Submission to Oireachtas Committee re FOI Amendment

Fred Logue and myself have put together a submission, sent today, to the Oireachtas Committee on Finance and Public Expenditure & Reform on behalf of (and, I believe, our readers!).

Access to information is important y’know.

Who ran up a €1,600 bill ringing a single mobile number in Pakistan from the Oireachtas?

This story is by Ken Foxe and based on a recent story in the Mail on Sunday: Documents obtained under FOI are below.

A politican is suspected to have run up a bill of more than €1,600 calling a single mobile phone number in Pakistan, an unpublished Oireachtas memo has claimed.

Officials in Leinster House’s telecoms unit estimated that calls to a ‘very small number’ of foreign numbers were costing the taxpayer at least €14,000 per year.

Other costs included an estimated €1,249 bill for calling a mobile in Australia, €581 to a mobile in Lithuania, €381 to a Maltese mobile, €370 to a UK mobile, €366 to a South African landline and €331 to a landline in Cyprus. The officials admitted they were powerless to establish whether the expensive calls – made in 2010 – were legitimate as they don’t track who TDs and Senators call on their taxpayer-funded phones.

But the memo stated it was ‘difficult to imagine’ how they could be genuine. ‘It is difficult to imagine what Oireachtas business would give rise to calls costing €1,621 to a single Pakistani mobile phone number, and it would be irresponsible to consider the possibility that such calls might have been an unintended/improper use of the service provided. Without availabe data it is not possible to make any judgement on the matter.’

The discoveries were made after a report was commissioned following the ‘Ring of Kerry’ controversy in which a €2,639 bill was run up dialling a premium phone line to vote for Michael Healy-Rae, who was a contestant in the Celebrities Go Wild TV show.

That led directly to a ban on calls to premium rate numbers from all Oireachtas phones and immediately eliminated any potential for abuse. These unpublished memos, obtained under the Freedom of Information Act, were prepared internally but never sent forward for consideration by spending watchdogs.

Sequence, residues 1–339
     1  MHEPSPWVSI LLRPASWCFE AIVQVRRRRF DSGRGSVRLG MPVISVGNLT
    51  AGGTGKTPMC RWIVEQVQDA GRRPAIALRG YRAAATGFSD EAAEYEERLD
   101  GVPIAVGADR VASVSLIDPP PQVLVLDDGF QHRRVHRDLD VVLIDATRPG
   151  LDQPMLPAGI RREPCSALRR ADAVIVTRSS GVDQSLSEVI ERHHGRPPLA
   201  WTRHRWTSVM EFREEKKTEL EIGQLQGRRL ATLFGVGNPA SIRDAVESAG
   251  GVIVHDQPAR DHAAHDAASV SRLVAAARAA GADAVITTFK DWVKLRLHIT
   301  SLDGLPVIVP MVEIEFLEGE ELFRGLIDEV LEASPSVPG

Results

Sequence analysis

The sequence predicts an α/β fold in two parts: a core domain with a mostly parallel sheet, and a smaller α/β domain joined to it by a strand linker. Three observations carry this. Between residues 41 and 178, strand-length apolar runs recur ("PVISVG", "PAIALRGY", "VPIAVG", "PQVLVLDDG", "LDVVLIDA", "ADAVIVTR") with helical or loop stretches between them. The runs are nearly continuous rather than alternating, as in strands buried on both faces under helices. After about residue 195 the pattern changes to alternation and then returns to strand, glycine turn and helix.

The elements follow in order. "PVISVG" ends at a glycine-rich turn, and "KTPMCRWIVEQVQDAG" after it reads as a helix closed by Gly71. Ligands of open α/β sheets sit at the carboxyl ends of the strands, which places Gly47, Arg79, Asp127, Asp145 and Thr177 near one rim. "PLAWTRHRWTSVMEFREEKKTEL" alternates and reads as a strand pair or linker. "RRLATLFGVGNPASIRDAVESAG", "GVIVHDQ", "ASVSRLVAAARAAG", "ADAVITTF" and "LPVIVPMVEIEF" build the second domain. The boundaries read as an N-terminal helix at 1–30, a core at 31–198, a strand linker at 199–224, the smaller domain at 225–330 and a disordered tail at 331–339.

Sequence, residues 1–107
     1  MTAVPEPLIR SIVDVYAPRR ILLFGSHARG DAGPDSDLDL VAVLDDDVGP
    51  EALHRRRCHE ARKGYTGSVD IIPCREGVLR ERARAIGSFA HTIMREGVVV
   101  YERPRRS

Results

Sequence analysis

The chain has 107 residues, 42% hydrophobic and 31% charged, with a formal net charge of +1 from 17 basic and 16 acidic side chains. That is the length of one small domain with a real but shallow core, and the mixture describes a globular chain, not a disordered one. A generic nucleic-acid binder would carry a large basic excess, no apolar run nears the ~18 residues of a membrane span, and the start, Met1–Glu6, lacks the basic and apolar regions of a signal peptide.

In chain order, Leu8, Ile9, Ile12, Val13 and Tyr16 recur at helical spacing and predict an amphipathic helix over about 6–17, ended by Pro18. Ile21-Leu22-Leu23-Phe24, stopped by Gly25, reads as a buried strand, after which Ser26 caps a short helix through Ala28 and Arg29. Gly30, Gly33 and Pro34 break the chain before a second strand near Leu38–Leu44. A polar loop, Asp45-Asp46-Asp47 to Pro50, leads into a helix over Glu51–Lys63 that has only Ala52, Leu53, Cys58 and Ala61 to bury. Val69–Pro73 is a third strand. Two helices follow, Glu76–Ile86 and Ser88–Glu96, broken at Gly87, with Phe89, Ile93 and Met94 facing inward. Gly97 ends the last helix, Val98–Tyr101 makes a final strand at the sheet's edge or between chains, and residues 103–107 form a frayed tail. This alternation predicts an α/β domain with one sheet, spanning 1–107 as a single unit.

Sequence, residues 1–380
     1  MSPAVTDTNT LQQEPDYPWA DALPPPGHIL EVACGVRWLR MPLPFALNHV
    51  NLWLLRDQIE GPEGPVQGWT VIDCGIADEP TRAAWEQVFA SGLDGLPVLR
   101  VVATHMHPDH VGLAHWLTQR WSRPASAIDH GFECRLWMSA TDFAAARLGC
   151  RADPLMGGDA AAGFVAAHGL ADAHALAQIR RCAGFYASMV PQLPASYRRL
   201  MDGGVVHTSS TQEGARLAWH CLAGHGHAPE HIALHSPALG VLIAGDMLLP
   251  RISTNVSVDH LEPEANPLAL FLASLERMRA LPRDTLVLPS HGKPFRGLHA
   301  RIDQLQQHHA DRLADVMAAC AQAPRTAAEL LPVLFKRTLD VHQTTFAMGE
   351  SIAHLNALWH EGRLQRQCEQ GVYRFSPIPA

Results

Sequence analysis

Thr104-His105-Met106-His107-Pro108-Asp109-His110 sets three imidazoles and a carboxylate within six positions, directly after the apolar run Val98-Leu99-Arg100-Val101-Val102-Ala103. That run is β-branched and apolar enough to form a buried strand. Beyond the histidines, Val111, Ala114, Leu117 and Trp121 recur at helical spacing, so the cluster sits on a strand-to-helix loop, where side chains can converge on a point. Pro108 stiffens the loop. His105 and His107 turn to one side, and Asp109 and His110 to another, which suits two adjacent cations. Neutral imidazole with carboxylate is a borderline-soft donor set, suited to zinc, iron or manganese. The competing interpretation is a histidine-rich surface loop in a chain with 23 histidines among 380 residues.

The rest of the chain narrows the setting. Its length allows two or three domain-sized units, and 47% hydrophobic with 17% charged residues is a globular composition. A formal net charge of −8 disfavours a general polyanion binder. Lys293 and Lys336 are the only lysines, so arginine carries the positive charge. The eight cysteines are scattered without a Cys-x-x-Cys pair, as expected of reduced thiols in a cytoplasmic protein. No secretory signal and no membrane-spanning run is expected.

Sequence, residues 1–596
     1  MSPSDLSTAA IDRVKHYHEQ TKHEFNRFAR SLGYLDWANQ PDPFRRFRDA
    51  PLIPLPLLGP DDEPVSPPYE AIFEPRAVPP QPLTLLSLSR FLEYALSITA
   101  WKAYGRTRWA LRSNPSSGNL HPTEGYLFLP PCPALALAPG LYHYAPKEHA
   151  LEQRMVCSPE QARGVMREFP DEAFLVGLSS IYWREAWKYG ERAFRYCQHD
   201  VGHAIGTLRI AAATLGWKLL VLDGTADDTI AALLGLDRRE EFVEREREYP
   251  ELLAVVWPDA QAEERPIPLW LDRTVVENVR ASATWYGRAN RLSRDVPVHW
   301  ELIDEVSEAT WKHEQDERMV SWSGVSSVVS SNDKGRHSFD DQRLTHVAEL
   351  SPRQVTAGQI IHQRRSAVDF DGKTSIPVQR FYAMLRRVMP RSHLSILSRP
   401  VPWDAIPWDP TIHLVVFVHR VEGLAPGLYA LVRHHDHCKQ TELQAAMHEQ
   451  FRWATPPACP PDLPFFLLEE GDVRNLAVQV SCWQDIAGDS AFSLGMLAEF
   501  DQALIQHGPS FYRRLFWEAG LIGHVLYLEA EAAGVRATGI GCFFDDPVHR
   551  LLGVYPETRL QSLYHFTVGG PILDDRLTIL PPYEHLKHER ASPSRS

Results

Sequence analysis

The Oireachtas has confirmed they are now planning a review of telephone services to look at the risk ‘of inappropriate use, or excessively expensive use of telecoms facilities. However, tackling the problem of politician’s personal phone bills has proven difficult because of the cloak of secrecy that surrounds them.

The Oireachtas operates a screening process for calls and if civil servants, and other similar staff, run up excessive bills – the costs are immediately red-flagged. But this screening does not apply to TDs or Senators, which means inappropriate use of phone facilities can never be investigated.

There is a proviso on the above figures in that they are based on seven months of usage, with a twelve-month figure extrapolated from the January to end July cost.

Original documents:

Ombudsman commences review of ECB refusal to release bailout letter

The EU Ombudsman has commenced its review of a decision by the ECB to refuse the release of a controversial letter sent to then Irish Finance Minister Brian Lenihan in November 2010. has been pushing for the release of the letter both from the ECB and the Irish Department of Finance for over a year. Both organisations have refused to release the letter, and we have appealed the matter both to the EU Ombudsman and the Irish Office of the Information Commissioner.